“We all like to keep up with fashion trends, but these trends come in one day and go out the next,” said Boys & Girls Club member Mia. “How many of us buy a piece of clothing, thinking how beautiful it looks, only to never wear it and find it years later in our closet?” 

At the Boys & Girls Club, the 16-year-old wondered about the costs of clothing. Not merely the price tag, but the costs to the environment, especially when items aren’t even worn. 

Through her research, Mia learned that Americans buy five times more clothing today than they did in the 1980s. She says every year, we throw away around 80 pounds of clothing and donate just 15 percent of our wardrobes. 

Mia wanted to do something. But how could she make a difference when facing with such a big problem?

“I decided to start right here at the Boys & Girls Club!” she said. 

Club members Mia and Arbay sort through donated items for Our Closet, an annual tradition that provides free coats and clothes to families in need.

Mia was involved in a Club program called Money Matters, which helps kids learn about financial management, budgeting and developing life skills. Money Matters brings in mentors to teach kids, often through fun activities. She created her own addition to the training, educating her fellow Club members about consumerism and the high costs of chasing the latest clothing trends.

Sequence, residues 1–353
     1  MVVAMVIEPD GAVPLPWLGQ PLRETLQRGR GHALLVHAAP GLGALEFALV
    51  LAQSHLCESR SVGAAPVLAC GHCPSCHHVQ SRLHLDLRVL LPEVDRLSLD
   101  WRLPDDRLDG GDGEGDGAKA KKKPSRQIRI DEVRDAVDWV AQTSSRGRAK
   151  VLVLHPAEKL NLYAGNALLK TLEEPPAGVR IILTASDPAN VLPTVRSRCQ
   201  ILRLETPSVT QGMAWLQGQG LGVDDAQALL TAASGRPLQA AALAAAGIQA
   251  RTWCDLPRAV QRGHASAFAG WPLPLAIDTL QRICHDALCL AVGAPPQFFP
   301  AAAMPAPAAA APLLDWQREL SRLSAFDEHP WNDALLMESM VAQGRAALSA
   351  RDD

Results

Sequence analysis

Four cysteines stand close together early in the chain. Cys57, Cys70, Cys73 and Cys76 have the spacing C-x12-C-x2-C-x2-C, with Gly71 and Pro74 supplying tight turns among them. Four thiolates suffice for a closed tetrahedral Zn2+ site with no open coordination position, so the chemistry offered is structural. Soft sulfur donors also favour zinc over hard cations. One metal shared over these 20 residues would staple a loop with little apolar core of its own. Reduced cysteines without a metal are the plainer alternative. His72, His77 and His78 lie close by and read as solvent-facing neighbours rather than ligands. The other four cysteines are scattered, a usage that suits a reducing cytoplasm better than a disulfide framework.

“We talked about repurposing and reusing clothing in order to save money and reduce clothing from going into the trash,” explained Mia. “We also talked about thrifting and donating clothes to help people in need.”

At the Club, Mia and her friends did just that. She helped with a community program called “Our Closet” that collected clothing from people around the Club and then made it freely available to anyone in need. Our Closet became a holiday tradition at the Club, opening to families after the annual Thanksgiving dinner.

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But Mia says the costs of fast fashion are not just financial and environmental. “People buy clothes because they want to look good. People spend a lifetime trying to perfect themselves,” she said. They look to social media to find ways to solve their insecurities, but it creates a distorted view of reality that can make people depressed because they’re chasing goals that are impossible to reach.” 

With support from the Club, Mia plans to study environmental science and continue her quest to improve our planet. The Club’s leadership programs and academic supports will make sure she has the skills and opportunities she needs to keep making a difference. 

Note: The photos for this story were taken before the COVID-19 pandemic.